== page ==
I like to think about little hacks to increase my while working on code. Lots of build systems fetch all sorts of things from the network, and send all sorts of data. , , and others have opt-out tracking. One little hack I have going is to force to fetch dependencies over (except from which blocks Tor). gitlab.com/-/snippets/3642145

When discussing alternatives for , I heard: "I tried X a couple times but it didn't give me the results I wanted but Google did, so I stay there". I use multiple search engines and see each one's strengths and weaknesses. This made me realize there is a kind of bias: using one service provides simplicity. When using one, we don't know when that it is providing worse results than alternatives. Then people get the impression "the alternative sucks, I'll stick with the good one" 1/

I see a shift in how people think about in . Now that people are aware of how bad software can be for privacy, I see a lot of pressure to not include useful functions because they might appear to be invading privacy. permissions are a good example: so many people are rightly concerned about location tracking, as represented by location permissions. The first question is ask when seeing a suspicious one is: do I trust that app's people and process to do the right thing?

I'd like to have something that automatically convert links to the preserving version in the browser. Like play links in , etc. There seems to be things like but for me the question is which one to trust, is maintained, works well enough, etc. Once I find a tool that I think it generally applicable, then I work to get it into so its easy for others to make this decision. Is there a browser extension for this that is worth getting into Debian?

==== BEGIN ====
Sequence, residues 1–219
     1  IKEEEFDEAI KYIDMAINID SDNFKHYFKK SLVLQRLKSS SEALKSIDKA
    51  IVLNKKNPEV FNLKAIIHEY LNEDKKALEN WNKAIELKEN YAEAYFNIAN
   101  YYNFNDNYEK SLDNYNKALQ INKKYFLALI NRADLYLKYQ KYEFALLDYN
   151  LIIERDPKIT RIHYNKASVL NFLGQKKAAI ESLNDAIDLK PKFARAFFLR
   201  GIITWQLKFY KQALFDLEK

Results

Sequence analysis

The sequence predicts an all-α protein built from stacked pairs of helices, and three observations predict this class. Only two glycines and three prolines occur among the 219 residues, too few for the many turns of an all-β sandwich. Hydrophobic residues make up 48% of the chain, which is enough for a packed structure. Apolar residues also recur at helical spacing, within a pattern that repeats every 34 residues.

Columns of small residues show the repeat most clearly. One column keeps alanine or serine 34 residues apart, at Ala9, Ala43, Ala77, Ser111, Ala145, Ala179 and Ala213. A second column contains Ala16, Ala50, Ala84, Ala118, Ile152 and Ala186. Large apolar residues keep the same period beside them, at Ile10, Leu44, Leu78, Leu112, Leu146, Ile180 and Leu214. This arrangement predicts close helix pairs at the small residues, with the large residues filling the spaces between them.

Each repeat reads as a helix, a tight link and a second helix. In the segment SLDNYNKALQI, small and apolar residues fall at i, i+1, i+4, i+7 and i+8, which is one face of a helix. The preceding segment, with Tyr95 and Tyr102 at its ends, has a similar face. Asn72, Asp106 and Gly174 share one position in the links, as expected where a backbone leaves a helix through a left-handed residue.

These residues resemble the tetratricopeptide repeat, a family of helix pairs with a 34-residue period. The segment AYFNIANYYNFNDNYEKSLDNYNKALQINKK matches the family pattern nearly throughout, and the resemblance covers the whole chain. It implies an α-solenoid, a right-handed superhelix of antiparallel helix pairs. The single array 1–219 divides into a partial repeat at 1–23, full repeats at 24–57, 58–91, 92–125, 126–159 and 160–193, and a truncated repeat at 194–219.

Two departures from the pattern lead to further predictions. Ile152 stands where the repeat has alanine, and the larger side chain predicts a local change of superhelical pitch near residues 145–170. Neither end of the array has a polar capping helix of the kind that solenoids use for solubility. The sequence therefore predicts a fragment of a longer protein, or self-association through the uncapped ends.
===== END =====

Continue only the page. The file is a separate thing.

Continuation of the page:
The real protections of using a come from putting all your eggs in one basket: force all your DNS and traffic through the VPN provider. Then nobody else sees your real IP address, etc. As long as the VPN provider does everything right, doesn't get hacked, or doesn't have to comply with secret government orders, it does provide a real privacy improvement. But I have a real hard time buying into putting so much trust into one service. I wonder if it is possible to be so good

As lead maintainer of the official client, I hear a lot of criticism that is still at 25. fdroidclient is , publicly audited, with , written in memory safe languages, with a proven record of respecting and delivering . The source and binaries also receive human and machine review. is designed around untrusted proprietary software with non-memory safe code where the binary only gets machine review. 1/2

I find it super frustrating how well constructed PR is. They are masters of taking one little problem, making an a solid privacy improvement to it, then using it to distract people from their giant surveillance capitalism machine. Something like that is only a privacy improvement for people who are fully in Google's ecosystem. Switching to using Google Fi encrypted calling would be a net privacy loss.

There are two semi-related questions that have been repeatedly popping up in my head for the past couple years: 1) now that we know how to do real , are we sure we want a world where wiretapping isn't possible? 2) now that we know how to privately track usage without people, are we sure we want to encourage software development based on tracking data?

Reading about how browser aims to remove unique IDs when counting users makes me think about how hasn't been tracking users from the beginning, and stopped tracking downloads years ago, and seems to only have become more popular. Makes me think that developed by community motivated by doing the right thing is a better way than a or being driven by . Maybe improving the of tracking is missing the point.
vivaldi.com/blog/how-we-count-

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